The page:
Title:
High security switch device
United States Patent 8674794


Abstract:
A high security switch for use with an alarm includes a switch assembly for mounting to a fixed structural member. The switch assembly includes a pressure sensitive switch; a magnetic attractive movable body; a cavity having a first end and second end, the cavity confining, directing, limiting and defining the travel of the movable body; and a biasing element near the first end of the cavity to position the moveable body adjacent the first end of the cavity. The switch also includes an actuating element coupled to a movable structural member. In response to moving the actuating element away from the switch assembly the moveable body is magnetically acted upon by the biasing and moved from the second end to the first end of the cavity. The electrical state of the pressure sensitive switch is changed and an alarm activated.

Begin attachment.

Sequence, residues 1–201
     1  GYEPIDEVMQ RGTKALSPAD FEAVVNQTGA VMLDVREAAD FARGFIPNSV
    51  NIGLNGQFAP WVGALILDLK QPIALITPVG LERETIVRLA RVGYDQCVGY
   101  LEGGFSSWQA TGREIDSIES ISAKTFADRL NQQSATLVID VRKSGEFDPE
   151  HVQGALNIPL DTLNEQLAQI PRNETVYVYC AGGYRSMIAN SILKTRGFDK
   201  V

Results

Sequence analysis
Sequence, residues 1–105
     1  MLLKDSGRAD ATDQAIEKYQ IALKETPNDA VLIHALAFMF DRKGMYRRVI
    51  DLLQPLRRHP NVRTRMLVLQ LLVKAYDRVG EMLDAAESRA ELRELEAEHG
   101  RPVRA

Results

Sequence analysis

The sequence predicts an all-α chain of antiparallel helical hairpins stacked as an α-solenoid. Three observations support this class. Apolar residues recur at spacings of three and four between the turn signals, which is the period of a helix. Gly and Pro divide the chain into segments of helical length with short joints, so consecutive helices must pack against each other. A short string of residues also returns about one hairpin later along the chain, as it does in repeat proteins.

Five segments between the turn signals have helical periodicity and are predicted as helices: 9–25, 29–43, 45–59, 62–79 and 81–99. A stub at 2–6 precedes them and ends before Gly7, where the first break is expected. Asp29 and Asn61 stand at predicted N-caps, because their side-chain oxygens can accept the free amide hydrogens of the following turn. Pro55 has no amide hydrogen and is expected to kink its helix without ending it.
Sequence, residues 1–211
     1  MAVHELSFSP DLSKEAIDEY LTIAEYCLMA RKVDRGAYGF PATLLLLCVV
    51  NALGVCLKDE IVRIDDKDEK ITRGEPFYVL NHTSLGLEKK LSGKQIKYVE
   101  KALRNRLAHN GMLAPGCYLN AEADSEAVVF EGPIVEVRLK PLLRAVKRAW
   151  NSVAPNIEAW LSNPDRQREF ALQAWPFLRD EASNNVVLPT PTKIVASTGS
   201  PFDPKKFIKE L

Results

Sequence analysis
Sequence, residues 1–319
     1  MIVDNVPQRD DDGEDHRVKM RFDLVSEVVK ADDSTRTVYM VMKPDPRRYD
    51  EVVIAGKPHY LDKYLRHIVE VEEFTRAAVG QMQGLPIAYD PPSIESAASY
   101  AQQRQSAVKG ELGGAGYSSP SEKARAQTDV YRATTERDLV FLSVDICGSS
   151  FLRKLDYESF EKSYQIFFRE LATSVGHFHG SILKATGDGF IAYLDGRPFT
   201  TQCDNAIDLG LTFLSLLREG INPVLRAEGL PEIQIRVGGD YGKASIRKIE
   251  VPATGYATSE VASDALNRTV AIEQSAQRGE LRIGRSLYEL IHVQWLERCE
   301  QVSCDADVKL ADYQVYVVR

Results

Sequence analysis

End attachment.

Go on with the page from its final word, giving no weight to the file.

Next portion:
Inventors:
Oetjen, Jennifer (Gilbert, AZ, US)
Woods, Randall (Sun Lakes, AZ, US)
Application Number:
13/274137
Publication Date:
03/18/2014
Filing Date:
10/14/2011
Assignee:
OETJEN JENNIFER
WOODS RANDALL
Primary Class:
Other Classes:
335/207
International Classes:
H01H9/00
Field of Search:
335/205
View Patent Images:
US Patent References:



Primary Examiner:
HOMZA, LISA NHUNG
Attorney, Agent or Firm:
SCHMEISER OLSEN & WATTS (18 E UNIVERSITY DRIVE SUITE # 101, MESA, AZ, 85201, US)
Parent Case Data:

CROSS REFERENCE TO RELATED APPLICATION[S]

This application claims priority to U.S. Provisional Patent Application to entitled “High Security Switch Device,” Ser. No. 61/455,098, filed Oct. 15, 2010, the disclosure of which is hereby incorporated entirely herein by reference.

Claims:
The invention claimed is: